Editor’s note: Pamela Weintraub is the author of “Cure Unknown: Inside the Lyme Epidemic” (St. Martin’s Press), winner of the 2009 American Medical Writers Association book award, and executive editor of Discover magazine. Follow her on Twitter: @pam3001
(CNN) — Our nightmare began in 1993 after we moved from the city to a house down a winding country road abutting a spruce forest in Chappaqua, New York. Our little woods were home to mice, deer and ticks harboring the infectious agent of Lyme disease.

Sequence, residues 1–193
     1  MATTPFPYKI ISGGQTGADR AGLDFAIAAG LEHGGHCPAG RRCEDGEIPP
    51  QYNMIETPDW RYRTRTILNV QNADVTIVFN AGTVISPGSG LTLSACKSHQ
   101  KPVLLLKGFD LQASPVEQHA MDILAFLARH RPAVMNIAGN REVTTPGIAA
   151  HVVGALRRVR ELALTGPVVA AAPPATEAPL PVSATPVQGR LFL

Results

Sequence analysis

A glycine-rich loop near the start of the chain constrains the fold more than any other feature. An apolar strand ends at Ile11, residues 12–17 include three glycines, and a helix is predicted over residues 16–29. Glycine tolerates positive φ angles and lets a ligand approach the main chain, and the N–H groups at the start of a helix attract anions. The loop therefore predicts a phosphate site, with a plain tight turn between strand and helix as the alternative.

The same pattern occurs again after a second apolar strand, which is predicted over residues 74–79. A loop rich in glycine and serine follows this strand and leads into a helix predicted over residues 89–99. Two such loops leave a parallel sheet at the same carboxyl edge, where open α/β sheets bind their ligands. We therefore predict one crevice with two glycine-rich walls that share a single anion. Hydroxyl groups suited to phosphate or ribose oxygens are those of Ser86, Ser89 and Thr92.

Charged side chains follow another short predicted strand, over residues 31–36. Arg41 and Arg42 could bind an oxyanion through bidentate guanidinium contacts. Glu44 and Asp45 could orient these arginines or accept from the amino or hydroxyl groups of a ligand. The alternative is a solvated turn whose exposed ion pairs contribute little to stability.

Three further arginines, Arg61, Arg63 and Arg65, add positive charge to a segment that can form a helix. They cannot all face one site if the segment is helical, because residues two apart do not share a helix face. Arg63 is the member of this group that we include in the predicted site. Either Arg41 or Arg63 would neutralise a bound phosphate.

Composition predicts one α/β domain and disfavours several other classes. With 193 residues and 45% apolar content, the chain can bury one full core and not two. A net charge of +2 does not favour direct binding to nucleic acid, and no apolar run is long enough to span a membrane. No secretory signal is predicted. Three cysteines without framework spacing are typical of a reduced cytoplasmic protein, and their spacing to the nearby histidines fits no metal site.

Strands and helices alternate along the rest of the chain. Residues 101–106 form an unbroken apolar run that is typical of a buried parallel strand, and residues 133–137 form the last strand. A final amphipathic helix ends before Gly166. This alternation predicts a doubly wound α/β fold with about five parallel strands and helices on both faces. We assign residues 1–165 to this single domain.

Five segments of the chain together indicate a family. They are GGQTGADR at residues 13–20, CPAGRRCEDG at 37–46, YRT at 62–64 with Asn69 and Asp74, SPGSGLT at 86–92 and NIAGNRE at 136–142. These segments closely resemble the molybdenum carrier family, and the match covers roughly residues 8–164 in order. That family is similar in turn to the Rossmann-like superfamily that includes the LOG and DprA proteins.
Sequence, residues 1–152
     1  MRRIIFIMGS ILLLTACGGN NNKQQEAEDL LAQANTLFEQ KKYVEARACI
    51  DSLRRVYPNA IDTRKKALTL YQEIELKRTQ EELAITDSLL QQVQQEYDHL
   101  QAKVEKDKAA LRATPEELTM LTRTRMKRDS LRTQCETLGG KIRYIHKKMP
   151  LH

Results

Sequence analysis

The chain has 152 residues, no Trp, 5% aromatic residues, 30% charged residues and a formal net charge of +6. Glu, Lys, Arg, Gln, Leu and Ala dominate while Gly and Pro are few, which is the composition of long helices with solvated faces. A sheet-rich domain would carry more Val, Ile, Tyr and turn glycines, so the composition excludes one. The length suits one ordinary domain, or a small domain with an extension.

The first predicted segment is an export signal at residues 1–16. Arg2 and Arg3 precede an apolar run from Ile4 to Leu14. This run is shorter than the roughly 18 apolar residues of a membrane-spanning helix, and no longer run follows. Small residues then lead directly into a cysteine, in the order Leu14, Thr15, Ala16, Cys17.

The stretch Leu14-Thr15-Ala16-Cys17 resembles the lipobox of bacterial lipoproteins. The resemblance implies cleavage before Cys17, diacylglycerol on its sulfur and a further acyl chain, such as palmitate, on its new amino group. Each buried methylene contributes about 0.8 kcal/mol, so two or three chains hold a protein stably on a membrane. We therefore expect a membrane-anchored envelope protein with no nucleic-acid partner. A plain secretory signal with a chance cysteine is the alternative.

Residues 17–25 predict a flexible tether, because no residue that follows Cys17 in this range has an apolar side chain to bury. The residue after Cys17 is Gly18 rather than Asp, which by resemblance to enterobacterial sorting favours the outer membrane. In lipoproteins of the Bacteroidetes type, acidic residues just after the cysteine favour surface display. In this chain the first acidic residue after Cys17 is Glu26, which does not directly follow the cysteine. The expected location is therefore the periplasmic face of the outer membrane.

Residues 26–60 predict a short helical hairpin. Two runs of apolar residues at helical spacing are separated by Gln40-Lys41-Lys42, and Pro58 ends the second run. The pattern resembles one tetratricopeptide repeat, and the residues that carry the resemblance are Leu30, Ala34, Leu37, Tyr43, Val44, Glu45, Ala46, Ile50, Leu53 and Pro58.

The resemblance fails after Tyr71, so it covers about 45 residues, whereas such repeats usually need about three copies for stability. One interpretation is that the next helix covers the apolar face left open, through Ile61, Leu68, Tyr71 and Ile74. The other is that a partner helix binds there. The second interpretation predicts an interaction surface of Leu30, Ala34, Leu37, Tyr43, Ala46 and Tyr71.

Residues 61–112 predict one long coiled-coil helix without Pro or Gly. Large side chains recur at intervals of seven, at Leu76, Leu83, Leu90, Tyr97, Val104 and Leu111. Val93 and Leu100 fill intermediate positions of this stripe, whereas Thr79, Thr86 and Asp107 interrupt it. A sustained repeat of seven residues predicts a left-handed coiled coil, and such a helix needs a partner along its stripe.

We weren’t especially concerned. As seasoned science journalists, my husband and I had researched the risk of tick-borne disease by reading medical journals, finding a raft of articles on a wave of “Lyme hysteria” sweeping the Northeast suburbs; the disease, some of the authors said, was mild and benign. Perhaps that’s why, as one of our sons and then the other got sick, our pediatrician resisted testing for Lyme disease.